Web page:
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Your credit history and tightening lending standards

By: 29 May 2013 5 Comments

credit scoreJust a few short years ago, getting a loan for everything from homes to cars was a comparatively easy process. That’s changed a bit and especially when it comes to mortgages, hasn’t it?

So, what happened? The subprime lending market died a sudden death in 2007 due to high default rates leading to foreclosures and financial chaos. Banks responded by tightening lending standards on most consumer loans.

The impact of those new measures — some taken by the industry and some put in place by government regulations — is that a high credit score is very important these days. Let’s take a look at the mortgage market as an example of how things changed.

During the subprime mortgage boom, a borrower with a credit score of roughly 640 and below could finance a home through that market. According to the December 2012 issue of Money magazine, the average credit scores for people denied conventional mortgages was 729 during the months leading up to December and the average credit score for people who were able to take out conventional mortgages was 762.

Bear in mind that we’re talking about conventional mortgages here and it is important to make that distinction. There are certainly mortgage products available for those who don’t have outstanding credit scores, but those loans typically come with higher interest rates. If you want to take advantage of the low interest rates that have persisted over the past year, it’s a good idea to improve a credit score as much as possible. The same is true of business loans, car loans and other times when a buyer is asking a lender to extend credit — the best terms go to consumers with the strongest credit ratings.

Daniel Friedman of Eureka Springs-based Clear Credit LLC said there is some good news for consumers — their “true” credit scores may be better than reported. Friedman said he started his office for the purpose of helping lenders look at the credit histories of potential borrowers and helping clean up inaccuracies on credit reports. At the end of January, Friedman started offering his offices services to the public and now splits his time between his location in Eureka Springs and Bentonville — a natural market for a company focused on northwest Arkansas.

Friedman said that it is not uncommon for inaccurate and damaging information to be listed on credit reports. Credit bureaus operate under the federal Fair Credit Reporting Act (FCRA) and are required to list only information that is accurate and verifiable. Under the terms of that act, a consumer has the right to dispute any information on a credit report that is not accurate — if the consumer prevails, the inaccurate information must be removed and credit scores often improve as a result.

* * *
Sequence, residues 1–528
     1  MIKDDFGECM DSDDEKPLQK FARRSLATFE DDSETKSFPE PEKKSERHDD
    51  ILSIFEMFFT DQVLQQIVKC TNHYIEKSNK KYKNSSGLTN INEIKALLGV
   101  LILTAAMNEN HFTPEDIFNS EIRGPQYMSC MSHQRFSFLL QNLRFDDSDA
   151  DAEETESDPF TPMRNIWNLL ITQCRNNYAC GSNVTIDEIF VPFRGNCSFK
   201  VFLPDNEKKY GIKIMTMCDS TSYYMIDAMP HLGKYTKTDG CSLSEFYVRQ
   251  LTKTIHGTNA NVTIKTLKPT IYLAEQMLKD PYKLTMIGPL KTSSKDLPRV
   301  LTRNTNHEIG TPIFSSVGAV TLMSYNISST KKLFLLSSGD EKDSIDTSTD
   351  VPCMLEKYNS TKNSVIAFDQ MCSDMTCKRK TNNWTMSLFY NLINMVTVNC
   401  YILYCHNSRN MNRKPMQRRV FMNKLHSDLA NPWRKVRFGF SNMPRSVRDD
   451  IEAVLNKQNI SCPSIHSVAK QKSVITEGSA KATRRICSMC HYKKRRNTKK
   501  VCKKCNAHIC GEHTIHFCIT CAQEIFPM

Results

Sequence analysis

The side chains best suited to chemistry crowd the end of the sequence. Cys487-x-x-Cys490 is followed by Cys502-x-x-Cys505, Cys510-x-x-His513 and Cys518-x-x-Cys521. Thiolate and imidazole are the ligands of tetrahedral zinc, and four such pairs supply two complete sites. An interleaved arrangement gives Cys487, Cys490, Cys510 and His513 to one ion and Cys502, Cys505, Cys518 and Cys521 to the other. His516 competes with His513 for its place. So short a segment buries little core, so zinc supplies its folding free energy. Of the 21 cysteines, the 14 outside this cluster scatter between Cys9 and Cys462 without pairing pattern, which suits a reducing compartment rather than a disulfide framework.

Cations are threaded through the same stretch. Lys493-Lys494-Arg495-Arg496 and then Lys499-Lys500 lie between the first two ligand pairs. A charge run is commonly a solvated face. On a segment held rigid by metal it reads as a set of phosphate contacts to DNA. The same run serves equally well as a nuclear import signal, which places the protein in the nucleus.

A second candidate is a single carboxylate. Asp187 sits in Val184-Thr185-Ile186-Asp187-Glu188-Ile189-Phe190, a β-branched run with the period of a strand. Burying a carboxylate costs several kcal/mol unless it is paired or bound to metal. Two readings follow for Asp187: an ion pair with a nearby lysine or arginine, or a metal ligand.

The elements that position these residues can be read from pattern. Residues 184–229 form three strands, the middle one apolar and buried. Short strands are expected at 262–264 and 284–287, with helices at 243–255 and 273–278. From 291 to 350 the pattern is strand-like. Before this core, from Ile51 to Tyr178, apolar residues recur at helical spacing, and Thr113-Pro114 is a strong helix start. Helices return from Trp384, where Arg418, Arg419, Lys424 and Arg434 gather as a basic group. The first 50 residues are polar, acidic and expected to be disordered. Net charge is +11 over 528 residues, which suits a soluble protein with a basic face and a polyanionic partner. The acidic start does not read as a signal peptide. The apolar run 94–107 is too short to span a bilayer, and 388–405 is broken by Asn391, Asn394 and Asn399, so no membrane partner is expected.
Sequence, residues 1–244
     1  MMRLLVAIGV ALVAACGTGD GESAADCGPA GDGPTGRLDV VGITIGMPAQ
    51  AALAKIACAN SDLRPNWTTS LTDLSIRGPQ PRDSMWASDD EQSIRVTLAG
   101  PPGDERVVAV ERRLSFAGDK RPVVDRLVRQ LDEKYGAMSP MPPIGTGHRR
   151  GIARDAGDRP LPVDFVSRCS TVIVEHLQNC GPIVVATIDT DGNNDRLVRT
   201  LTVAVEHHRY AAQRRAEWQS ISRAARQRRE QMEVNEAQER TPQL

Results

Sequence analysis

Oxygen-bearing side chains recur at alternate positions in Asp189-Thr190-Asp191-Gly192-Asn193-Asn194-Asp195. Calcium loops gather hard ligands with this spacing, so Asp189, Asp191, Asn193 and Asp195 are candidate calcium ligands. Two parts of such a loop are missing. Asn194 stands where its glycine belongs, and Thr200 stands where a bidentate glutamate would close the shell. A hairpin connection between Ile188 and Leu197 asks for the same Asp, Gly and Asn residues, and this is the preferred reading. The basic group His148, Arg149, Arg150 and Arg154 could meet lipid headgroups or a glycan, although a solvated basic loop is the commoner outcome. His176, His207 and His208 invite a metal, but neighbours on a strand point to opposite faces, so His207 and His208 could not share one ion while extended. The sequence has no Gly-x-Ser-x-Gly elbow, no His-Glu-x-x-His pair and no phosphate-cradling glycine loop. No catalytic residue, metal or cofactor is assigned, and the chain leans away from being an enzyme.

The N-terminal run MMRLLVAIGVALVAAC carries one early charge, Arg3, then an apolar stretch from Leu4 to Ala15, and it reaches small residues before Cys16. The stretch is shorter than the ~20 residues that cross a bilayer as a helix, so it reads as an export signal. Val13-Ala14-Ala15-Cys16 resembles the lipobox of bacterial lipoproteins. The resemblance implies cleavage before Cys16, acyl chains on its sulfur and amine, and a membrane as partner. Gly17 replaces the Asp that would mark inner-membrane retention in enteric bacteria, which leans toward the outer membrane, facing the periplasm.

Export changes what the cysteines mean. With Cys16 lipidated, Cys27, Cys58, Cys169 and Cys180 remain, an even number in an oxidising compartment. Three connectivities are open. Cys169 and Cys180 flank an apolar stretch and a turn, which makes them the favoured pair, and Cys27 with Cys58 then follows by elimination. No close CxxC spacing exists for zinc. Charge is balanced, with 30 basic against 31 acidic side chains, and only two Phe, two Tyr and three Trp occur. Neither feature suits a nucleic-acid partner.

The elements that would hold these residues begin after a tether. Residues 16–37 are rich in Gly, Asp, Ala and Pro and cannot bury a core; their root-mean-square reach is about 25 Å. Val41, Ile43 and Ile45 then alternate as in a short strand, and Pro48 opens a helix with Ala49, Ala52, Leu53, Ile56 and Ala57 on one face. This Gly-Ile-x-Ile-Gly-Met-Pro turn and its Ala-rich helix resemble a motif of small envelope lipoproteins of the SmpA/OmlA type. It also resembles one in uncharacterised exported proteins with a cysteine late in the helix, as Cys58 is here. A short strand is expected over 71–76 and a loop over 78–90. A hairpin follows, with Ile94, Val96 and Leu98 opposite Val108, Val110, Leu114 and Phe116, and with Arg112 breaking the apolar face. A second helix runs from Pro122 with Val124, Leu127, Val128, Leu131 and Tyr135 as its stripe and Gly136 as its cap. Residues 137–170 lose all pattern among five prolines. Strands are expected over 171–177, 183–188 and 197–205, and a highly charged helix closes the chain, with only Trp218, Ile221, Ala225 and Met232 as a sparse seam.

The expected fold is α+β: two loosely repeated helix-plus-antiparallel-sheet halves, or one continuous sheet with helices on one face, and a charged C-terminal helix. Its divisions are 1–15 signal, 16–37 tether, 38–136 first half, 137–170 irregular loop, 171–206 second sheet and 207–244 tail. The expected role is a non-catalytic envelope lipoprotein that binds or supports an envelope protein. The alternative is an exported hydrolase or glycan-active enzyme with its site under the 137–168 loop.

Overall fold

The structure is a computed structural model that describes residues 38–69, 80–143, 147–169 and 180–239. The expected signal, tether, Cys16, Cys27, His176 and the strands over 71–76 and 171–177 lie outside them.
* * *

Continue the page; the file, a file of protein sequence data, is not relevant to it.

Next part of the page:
What could be inaccurate on a credit report? Collection accounts that were paid in full might not reveal that debts were handled by the debtor, dismissed bankruptcy actions might not be reported correctly, a debtor who paid on an installment loan on time might appear to have an history of late payments, etc.

“If information can’t be verified, it must be deleted,” Friedman said.

Here’s something else to keep in mind — creditors must follow the guidelines set forth in the federal Fair Dept Collections Practices Act (FDCPA). If, for example, an account is assigned to a collection agency, there are certain steps that agency must follow and it is not uncommon behavior to see agencies improperly pursue debts.

For example, a collection agency must have a copy of the original contract giving rise to the debt and must be able to produce that document when a debtor requests to do so. If that contract is not available, then the collection agency cannot properly pursue that debt and any negative history generated on the basis of that collection action must be removed from a credit report when a consumer files a dispute.

Friedman said his job is to both help clean up credit histories and to educate clients about how to keep their credit under control. He he considers it a successful case when he’s cleaned up a bad credit history, helped a client establish a good credit history and has taught that client how to maintain a good rating.

“As long as you have good credit, you can get what you need,” he said, adding that it is not accurate to say that only wealthy people need good credit ratings. People with high credit scores — regardless of income — will be able to have access to capital in emergencies or when getting loans.

He added that credit scores have an impact on more than loans — insurance policies, for example, use credit scores as one of the criteria when determining how much their customers will pay in premiums.

Want to see what’s lurking in your credit history. Under federal law, consumers can pull their credit reports for free from the three major reporting bureaus — Equifax, Experian and TransUnion — at For more information about Clear Credit, click here to visit the company online.

About: Ethan C. Nobles:
Benton resident. Rogue journalist. Recovering attorney. Email =


  • Logan Hemiller said:

    Thank you for taking some time to discuss credit! Its so important to have knowledge of credit laws and the rights and capabilities that these laws grant individuals. Love the article!

  • HawgWyld said:

    Thanks, Logan. Always a pleasure to write about something that could help improve the lives of Arkansans.

  • Augustina said:

    Thanks for sharing your thoughts about bad credit.

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